Five percent rainfall deficit recorded in June

News this week
Agriculture needs to be made climate resilient. (Image Source: India Water Portal)
Agriculture needs to be made climate resilient. (Image Source: India Water Portal)

Monsoon shows a deficit of five percent in June

The rainfall shows a deficit of five percent in the month of June for the whole country. While the north-west India recorded 'large excesses', Saurashtra, Kutch and east Uttar Pradesh are among the rain deficient areas. Excess of rainfall has been experienced in Konkan and Goa, Haryana, Chandigarh, Delhi, Marathawada, south interior Karnataka, west Madhya Pradesh, Telangana and Himachal Pradesh. The rain was normal mainly across the South Peninsula and Central India. 

Climate change greatest threat to Indian economy: World Bank

According to the World Bank report titled South Asia's Hotspots: The Impact of Temperature and Precipitation Changes on Living Standards, the change in temperature and precipitation pattern from climate change could cost India 2.8 percent of GDP and depress the living standards of nearly half of the country's population by 2050. The decline in the living standards of the population can be attributed to a fall in agricultural yield and the health impact from it. The report also mentions that the regions most vulnerable to climate change are the central, northern and north-western India. 

Heavy rains trigger floods in J&K, Assam

Intermittent rains caused floods in Jammu and Kashmir last week. The flash floods washed away a bund and several equipment of the 48 MW hydel project at Lower Kalnai river, causing a major setback to the construction of the project. Although the water level in Jhelum river has receded well below the danger mark in Kashmir, the flood situation continues to remain grim in the state of Assam, affecting over 63,000 people across five districts.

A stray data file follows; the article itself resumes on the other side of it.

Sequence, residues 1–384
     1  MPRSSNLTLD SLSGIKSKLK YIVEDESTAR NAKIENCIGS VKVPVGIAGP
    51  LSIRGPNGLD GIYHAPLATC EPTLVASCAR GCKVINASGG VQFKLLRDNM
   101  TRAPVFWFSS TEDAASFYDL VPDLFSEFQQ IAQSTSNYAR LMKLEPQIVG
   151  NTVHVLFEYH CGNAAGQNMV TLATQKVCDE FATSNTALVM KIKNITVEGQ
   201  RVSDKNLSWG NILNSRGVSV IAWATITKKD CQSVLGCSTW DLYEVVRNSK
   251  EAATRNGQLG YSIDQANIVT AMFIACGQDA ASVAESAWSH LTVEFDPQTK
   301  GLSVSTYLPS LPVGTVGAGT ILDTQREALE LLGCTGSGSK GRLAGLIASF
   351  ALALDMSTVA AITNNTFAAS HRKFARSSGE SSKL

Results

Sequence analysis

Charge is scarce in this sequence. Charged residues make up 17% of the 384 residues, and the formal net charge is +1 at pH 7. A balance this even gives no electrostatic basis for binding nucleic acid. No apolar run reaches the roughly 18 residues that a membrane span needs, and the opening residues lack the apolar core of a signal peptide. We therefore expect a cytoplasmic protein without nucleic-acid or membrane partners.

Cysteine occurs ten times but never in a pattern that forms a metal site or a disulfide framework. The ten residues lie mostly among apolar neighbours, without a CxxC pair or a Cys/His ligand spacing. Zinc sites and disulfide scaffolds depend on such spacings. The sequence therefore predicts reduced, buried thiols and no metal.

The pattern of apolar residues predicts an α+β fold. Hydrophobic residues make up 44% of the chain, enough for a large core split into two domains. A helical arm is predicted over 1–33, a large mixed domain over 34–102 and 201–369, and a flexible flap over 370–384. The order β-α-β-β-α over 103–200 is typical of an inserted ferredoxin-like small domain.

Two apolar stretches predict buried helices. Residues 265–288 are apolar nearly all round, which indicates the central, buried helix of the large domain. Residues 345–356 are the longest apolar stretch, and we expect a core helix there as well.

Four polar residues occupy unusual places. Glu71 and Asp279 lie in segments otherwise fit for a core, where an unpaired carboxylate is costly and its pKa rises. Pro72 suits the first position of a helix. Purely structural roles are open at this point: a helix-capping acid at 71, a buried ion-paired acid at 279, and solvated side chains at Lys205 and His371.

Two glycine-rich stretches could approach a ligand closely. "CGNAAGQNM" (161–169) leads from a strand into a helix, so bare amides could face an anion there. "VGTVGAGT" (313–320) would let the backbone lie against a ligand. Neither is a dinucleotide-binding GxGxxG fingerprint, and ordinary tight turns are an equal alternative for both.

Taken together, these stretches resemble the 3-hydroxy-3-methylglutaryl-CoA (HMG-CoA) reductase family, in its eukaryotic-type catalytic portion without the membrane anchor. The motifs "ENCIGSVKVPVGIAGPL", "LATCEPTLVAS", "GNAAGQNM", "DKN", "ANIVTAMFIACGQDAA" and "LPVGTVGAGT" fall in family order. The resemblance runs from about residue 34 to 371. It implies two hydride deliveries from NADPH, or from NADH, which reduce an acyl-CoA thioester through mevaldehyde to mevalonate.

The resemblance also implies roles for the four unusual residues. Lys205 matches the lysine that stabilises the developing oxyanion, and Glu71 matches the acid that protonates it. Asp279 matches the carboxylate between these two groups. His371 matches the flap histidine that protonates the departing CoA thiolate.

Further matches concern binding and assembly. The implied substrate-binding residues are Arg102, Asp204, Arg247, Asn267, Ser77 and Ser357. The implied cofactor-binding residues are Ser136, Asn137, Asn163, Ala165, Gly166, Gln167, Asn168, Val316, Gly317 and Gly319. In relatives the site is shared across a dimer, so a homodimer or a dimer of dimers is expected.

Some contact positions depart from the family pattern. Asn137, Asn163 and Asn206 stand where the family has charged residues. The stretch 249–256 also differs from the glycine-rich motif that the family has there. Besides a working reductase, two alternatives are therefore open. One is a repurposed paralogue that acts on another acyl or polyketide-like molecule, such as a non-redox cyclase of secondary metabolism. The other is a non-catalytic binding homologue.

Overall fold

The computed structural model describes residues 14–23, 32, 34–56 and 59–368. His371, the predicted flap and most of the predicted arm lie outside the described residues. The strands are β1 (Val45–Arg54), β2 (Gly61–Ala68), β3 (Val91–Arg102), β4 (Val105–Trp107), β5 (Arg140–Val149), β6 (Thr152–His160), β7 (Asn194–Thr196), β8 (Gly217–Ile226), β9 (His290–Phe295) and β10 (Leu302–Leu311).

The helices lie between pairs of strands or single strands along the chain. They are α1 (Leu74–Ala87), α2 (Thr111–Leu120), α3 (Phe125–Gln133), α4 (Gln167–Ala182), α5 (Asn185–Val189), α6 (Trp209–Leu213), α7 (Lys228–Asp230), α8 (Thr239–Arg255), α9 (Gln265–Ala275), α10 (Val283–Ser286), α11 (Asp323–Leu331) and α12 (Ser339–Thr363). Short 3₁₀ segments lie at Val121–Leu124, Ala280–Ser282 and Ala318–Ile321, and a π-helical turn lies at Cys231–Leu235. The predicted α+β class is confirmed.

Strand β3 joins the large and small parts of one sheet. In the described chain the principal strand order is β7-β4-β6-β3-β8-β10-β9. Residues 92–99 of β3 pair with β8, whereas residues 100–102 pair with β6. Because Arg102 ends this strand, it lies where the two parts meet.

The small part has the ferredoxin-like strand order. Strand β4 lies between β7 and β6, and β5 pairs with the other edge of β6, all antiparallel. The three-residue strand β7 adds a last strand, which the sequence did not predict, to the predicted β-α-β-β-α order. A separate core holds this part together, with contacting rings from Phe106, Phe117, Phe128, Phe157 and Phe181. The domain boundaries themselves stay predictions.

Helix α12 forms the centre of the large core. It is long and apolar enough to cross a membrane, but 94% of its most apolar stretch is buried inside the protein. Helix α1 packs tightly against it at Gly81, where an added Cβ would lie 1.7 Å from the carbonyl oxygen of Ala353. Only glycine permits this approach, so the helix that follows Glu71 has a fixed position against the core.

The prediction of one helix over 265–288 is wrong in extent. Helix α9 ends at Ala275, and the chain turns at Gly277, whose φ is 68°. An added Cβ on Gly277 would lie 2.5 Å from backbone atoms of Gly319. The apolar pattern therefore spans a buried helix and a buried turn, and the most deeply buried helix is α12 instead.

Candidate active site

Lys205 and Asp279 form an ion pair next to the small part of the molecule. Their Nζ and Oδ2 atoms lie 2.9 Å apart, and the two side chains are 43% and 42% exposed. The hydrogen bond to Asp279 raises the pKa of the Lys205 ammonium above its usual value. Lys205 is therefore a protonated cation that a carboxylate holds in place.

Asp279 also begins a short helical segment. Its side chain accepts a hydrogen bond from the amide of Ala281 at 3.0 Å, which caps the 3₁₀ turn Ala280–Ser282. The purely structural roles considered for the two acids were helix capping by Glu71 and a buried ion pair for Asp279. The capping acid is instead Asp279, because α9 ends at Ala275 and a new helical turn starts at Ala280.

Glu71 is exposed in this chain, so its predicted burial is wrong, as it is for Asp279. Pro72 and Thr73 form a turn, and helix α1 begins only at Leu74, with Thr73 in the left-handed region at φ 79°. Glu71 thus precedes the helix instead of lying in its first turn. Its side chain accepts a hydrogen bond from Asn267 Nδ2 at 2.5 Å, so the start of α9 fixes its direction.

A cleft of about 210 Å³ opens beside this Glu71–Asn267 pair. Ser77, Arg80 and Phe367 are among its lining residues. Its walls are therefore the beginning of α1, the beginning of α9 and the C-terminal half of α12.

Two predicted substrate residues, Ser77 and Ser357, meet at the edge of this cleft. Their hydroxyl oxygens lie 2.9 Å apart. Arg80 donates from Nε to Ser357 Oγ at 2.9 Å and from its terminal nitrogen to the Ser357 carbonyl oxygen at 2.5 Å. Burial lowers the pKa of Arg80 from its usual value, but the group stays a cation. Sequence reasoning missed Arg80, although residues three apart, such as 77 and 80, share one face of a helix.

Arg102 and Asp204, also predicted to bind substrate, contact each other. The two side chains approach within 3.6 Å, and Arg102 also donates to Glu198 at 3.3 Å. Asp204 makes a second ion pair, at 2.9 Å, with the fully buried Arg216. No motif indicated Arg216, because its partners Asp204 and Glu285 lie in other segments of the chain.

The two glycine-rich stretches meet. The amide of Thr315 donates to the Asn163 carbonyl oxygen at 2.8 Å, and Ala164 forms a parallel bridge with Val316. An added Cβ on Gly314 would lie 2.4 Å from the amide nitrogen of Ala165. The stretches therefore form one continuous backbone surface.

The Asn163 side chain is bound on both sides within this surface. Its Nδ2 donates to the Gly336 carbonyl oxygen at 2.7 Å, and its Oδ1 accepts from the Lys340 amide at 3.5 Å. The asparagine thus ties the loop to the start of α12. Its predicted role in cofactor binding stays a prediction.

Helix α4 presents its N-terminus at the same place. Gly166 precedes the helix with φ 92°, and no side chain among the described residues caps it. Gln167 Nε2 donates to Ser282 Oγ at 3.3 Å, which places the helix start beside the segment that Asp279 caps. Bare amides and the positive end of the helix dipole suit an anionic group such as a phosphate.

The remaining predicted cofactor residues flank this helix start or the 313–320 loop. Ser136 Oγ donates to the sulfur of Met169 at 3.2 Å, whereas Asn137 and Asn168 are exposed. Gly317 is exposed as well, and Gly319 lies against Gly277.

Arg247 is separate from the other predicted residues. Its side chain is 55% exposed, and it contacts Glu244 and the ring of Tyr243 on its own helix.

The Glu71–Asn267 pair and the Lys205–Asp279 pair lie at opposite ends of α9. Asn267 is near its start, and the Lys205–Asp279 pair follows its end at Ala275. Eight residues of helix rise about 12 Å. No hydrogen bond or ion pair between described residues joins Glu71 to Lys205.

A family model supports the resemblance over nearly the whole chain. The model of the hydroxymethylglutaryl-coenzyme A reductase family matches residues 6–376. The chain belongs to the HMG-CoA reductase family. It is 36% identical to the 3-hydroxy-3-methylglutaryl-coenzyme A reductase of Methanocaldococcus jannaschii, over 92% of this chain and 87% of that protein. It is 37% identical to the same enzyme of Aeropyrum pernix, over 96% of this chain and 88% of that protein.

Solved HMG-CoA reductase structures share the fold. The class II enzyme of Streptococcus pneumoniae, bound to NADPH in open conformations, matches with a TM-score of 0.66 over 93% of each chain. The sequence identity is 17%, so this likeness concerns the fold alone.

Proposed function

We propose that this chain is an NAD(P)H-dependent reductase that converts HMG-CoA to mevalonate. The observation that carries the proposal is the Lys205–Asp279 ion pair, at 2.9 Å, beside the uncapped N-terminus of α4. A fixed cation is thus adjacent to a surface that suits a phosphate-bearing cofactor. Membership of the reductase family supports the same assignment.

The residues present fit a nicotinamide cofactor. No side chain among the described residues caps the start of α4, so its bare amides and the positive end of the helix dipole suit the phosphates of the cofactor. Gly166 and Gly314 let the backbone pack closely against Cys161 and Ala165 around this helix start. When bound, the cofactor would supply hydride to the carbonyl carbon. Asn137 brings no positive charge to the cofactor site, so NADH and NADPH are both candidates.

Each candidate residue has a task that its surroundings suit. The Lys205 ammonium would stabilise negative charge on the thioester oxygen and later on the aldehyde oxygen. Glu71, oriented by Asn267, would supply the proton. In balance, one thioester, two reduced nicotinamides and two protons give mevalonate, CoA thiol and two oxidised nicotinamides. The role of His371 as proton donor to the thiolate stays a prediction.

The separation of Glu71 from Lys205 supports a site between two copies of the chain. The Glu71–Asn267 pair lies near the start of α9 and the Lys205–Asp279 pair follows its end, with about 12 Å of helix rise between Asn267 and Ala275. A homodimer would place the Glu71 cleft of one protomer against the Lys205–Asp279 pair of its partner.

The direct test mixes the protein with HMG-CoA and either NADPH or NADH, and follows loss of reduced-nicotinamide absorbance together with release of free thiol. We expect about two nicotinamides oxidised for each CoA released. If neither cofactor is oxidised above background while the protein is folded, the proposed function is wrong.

Hyderabad launches sewer-cleaning machines

With an aim to reduce manual waste cleaning, the Hyderabad Metropolitan Water Supply and Sewerage Board has launched a jetting and suction machine. The sewer-cleaning machine is one of the many technologically-advanced equipment which the board has introduced. After a smooth trial, the board is set to procure 70 such machines. 

Effluents have killed 93 percent freshwater fish species in Pune rivers 

According to S.S. Kharat, ichthyologist and the principal of Modern College, high pollution levels in river bodies have resulted in a decline of 93 percent in native fish population in the Mula-Mutha river over the past two decades. Moreover, prominent fish species in Pune rivers like Singhara, Kachaki, Chilapi and Punties, are nearing extinction. A major cause of the reduction of fish species is untreated effluents followed by channelisation of rivers which has disturbed the natural habitat of water bodies.

This is a roundup of important news published between June 26 and July 2, 2018. Also, read policy matters this week.

 

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